in Scotland. We would see substantial benefits for many of the
people who are suffering most. Let us not forget it is not just
the individuals with the drinking problem, it is their families,
their communities in which they live, who are also affected.
Sir Robert Smith
663. You mentioned that the higher price reduces
the consumption and this seemed to be accepted, but what does
the research say about whose consumption is being reduced? Is
it the one with the ability to control their drinking or is it
the others who are already controlling their drinking deciding
"I will spend my money elsewhere"?
(Dr Gruer) My understanding, and maybe Martin might
say otherwise, is that it tends to be across the board. It does
tend to reduce everyone's drinking to some extent. Obviously there
are going to be some exceptions, there are going to be some people
who will keep on drinking regardless of the price, but everyone
has their limits as to what they can actually either afford or
can generate through whatever means to keep on drinking. I think
overall it shifts average consumption down a way whether you are
a light drinker or a very heavy drinker.
(Dr Plant) One suggestion that has been made is that
from a public health point of view it would make more sense if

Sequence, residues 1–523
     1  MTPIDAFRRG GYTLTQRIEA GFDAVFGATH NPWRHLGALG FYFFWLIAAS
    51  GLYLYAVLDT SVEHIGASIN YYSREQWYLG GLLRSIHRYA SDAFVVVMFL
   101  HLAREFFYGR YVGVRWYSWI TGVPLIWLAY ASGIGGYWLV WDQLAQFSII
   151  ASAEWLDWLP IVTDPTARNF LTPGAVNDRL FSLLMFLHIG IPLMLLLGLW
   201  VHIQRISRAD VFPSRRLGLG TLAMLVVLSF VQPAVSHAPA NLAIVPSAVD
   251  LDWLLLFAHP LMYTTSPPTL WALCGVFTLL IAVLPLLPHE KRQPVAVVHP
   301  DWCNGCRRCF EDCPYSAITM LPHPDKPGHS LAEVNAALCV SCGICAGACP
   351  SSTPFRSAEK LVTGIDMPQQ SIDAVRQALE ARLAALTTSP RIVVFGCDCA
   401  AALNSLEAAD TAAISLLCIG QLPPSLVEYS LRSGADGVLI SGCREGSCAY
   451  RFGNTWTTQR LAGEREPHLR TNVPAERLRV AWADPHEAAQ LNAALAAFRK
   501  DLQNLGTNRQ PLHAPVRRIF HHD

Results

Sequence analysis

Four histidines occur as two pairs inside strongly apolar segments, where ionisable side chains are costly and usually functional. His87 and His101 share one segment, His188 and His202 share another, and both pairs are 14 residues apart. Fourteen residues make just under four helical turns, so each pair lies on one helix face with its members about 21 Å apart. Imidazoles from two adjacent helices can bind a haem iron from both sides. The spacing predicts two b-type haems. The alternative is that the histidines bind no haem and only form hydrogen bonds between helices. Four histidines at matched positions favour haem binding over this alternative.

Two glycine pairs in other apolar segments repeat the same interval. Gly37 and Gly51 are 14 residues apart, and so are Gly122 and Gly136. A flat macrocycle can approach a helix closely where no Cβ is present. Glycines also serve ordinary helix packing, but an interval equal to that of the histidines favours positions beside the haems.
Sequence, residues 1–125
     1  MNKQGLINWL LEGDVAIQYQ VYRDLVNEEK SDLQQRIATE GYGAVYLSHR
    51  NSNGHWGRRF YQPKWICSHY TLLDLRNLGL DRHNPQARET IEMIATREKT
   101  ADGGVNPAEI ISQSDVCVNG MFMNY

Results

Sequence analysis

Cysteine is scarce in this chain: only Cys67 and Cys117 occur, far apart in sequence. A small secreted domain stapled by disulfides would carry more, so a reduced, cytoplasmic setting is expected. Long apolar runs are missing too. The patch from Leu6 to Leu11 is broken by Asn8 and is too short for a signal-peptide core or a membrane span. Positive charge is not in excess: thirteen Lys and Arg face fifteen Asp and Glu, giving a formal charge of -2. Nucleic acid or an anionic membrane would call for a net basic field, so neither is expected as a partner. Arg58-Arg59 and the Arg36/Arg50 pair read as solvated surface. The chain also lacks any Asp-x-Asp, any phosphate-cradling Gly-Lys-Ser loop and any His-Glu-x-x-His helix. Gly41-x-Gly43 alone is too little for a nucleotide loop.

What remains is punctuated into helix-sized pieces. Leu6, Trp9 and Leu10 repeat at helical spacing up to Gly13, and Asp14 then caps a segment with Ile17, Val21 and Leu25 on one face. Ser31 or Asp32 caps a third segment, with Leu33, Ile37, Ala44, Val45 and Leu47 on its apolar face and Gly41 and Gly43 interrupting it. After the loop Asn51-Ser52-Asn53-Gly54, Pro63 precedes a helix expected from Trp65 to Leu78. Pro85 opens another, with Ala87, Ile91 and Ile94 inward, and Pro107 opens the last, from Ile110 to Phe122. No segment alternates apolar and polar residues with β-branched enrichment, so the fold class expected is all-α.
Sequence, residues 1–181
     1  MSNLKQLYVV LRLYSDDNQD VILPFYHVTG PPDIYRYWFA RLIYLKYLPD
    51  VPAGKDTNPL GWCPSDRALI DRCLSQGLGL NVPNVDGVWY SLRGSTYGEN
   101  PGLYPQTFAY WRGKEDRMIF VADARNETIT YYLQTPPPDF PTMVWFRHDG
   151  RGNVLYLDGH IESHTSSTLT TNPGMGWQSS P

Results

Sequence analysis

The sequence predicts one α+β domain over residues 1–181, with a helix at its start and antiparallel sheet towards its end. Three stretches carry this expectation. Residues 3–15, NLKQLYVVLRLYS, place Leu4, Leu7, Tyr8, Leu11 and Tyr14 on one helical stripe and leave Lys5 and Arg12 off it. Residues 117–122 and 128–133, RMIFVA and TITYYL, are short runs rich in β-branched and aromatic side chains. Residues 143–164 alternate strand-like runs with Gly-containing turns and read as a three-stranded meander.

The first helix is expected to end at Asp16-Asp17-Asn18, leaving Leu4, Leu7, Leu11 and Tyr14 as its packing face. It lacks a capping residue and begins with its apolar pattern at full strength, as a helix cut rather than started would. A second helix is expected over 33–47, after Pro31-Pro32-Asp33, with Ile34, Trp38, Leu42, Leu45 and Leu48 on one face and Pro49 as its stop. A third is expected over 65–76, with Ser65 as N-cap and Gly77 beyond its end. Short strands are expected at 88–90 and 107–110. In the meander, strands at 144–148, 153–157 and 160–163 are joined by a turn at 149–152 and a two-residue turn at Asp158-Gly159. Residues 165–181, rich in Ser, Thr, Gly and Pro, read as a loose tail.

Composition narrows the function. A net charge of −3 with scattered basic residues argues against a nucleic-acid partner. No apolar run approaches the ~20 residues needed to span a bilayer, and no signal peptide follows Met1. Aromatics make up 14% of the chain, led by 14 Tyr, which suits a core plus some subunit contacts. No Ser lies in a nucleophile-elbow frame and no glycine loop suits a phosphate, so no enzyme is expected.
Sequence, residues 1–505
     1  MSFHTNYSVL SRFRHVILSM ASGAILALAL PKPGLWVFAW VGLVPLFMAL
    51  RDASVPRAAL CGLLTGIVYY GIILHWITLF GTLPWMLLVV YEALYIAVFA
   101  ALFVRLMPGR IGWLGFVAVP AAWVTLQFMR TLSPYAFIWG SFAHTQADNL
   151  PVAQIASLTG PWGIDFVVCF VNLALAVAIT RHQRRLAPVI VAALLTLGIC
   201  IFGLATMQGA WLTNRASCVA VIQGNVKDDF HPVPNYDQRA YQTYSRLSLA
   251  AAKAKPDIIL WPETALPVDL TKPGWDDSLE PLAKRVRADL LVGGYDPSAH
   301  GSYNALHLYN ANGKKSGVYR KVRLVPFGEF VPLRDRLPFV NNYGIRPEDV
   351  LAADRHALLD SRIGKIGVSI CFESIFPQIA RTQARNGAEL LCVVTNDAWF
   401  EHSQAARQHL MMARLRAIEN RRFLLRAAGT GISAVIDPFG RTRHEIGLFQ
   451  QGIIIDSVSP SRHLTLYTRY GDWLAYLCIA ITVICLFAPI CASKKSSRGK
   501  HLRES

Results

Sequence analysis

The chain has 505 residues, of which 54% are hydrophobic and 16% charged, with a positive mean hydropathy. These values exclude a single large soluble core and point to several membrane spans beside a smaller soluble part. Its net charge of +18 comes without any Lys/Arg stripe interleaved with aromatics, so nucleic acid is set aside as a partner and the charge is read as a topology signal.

alcohol tax bore a more obvious relation to the alcohol content
of beverages but for historical reasons that does not happen.
In the UK we have also got the interesting situation that although
alcohol consumption has not changed very much over the last few
years, underneath the surface of the water there has been a change
in that younger women are drinking more, teenagers are drinking
more, and certainly a lot of people are spending more but on better
quality alcohol. In a sense a lot of people, professional workers,
are not in general drinking a lot more than they were a few years
ago but they are tending to spend £4 a bottle on wine instead
of £2 a bottle on wine. Some kinds of alcohol are much more
severely taxed than others and there is actually not a public
health case for that. Beer is pretty much the same as wine or
spirits from the point of view of what it does to you when you
664. Why do you think that the UK's high tax
rates have apparently had only a limited effect on alcohol consumption?
(Dr Plant) I think because we are used to them. It
is a question of balance, as Dr Gruer has said. My wife and I